The opinion of the court was delivered by: Michael J. Reagan United States District Judge
Plaintiff Curtis Graves, an inmate in the United States Penitentiary in Marion, Illinois, brings this action pursuant to the Administrative Procedures Act, 5 U.S.C. §§ 702, 706(2)(A). This case is now before the Court for a preliminary review of the complaint pursuant to 28 U.S.C. § 1915A, which provides:
The court shall review, before docketing, if feasible or, in any event, as soon as practicable after docketing, a complaint in a civil action in which a prisoner seeks redress from a governmental entity or officer or employee of a governmental entity.
(b) Grounds for Dismissal
On review, the court shall identify cognizable claims or dismiss the complaint, or any portion of the complaint, if the complaint--
(1) is frivolous, malicious, or fails to state a claim on which relief may be granted; or
(2) seeks monetary relief from a defendant who is immune from such relief.
28 U.S.C. § 1915A. An action or claim is frivolous if "it lacks an arguable basis either in law or in fact." Neitzke v. Williams, 490 U.S. 319, 325 (1989). Upon careful review of the complaint and any supporting exhibits, the Court finds it appropriate to exercise its authority under § 1915A; this action is subject to summary dismissal.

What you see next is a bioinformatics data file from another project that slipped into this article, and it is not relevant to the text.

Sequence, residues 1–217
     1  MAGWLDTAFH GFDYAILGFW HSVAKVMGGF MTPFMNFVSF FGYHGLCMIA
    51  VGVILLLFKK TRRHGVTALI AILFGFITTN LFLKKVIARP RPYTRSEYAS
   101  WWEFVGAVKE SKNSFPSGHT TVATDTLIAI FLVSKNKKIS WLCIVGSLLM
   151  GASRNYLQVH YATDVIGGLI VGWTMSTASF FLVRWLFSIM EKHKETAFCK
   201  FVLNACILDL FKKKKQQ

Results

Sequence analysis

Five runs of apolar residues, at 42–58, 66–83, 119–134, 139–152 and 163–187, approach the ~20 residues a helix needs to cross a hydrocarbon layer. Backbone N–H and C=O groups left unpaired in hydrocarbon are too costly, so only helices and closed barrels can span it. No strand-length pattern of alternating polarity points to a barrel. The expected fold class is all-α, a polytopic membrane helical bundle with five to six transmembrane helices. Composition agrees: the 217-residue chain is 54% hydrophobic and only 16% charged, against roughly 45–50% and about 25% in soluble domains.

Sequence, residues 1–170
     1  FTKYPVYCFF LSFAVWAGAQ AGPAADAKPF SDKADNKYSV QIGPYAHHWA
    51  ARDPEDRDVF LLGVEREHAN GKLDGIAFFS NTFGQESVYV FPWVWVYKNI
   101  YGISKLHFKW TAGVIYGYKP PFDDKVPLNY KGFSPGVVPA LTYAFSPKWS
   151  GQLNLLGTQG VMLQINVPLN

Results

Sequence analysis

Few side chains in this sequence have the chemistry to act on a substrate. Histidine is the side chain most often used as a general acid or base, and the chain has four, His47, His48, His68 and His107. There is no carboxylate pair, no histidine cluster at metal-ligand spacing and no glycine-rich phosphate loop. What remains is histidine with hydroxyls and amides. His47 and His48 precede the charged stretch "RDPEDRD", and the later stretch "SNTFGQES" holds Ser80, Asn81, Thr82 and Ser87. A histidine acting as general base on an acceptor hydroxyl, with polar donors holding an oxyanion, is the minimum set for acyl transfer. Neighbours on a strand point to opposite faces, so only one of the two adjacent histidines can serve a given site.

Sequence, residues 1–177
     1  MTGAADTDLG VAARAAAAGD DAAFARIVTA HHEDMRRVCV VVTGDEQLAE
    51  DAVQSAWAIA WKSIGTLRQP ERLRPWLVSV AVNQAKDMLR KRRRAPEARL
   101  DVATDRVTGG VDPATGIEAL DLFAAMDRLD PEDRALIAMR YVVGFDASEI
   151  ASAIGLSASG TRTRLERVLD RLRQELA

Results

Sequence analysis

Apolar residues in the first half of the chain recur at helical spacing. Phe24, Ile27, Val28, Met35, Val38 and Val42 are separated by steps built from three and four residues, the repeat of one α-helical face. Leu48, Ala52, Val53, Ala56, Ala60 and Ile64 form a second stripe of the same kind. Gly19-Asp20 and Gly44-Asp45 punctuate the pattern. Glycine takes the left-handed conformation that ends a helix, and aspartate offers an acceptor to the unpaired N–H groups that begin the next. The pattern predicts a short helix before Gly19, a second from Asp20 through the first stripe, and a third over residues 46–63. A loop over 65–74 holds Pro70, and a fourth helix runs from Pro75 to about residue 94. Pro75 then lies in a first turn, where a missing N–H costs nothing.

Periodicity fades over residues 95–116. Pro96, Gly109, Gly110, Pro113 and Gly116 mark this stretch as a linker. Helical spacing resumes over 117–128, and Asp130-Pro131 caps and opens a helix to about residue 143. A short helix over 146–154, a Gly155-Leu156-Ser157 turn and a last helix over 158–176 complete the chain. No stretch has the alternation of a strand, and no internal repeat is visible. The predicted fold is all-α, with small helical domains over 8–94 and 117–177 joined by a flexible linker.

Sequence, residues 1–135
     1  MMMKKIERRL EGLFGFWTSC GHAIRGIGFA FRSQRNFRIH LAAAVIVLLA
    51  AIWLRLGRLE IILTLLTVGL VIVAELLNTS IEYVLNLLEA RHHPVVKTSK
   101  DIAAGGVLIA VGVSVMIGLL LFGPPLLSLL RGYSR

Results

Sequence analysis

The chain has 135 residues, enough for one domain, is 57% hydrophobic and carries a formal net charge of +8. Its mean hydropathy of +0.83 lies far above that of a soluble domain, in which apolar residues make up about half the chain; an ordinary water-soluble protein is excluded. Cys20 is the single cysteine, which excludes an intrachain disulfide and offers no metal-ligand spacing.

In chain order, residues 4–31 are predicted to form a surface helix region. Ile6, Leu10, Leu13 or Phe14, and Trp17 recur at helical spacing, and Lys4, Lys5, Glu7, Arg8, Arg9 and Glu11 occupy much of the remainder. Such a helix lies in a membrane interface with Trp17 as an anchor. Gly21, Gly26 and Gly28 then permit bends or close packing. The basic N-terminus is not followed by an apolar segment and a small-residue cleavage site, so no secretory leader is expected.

Graves refused to participate in the Inmate Financial Responsibility Program ("IFRP") and was "involuntarily placed" on "refusal" status. As such, he is limited in the amount of money he may spend at the commissary each month. In his action, he asserts that Defendants do not have the authority to enforce and collect a court-ordered judgment under the IFRP. He argues that if the sentencing court's final judgment filed to specify a payment plan, the Bureau of Prisons ("BOP") is not empowered to create such a payment plan. Graves is mistaken; his argument is foreclosed by McGhee v. Clark, 166 F.3d 884 (7th Cir. 1999). See also United States v. Ellis, 522 F.3d 737, 739 (7th Cir. 2008).
In McGhee, the Seventh Circuit held that when a district court orders immediate payment of a fine, it is not an impermissible delegation for prison authorities to set the payment schedule. Id. at 886. Ordering immediate payment is not an improper delegation, because "such directives generally are interpreted to require not immediate payment in full but 'payment to the extent that the defendant can make it in good faith, beginning immediately.' " Id. (quoting United States v. Jaroszenko, 92 F.3d 486, 492 (7th Cir. 1996)). An order that a fine or restitution be paid "in full immediately" does not preclude the BOP through the IFRP from ensuring that a defendant makes good-faith progress toward satisfying his debt. McGhee, 166 F.3d at 886.
In summary, the complaint does not survive review under § 1915A. Accordingly, this action is DISMISSED with prejudice. Graves is advised that the dismissal of this action will count as one of his three allotted ...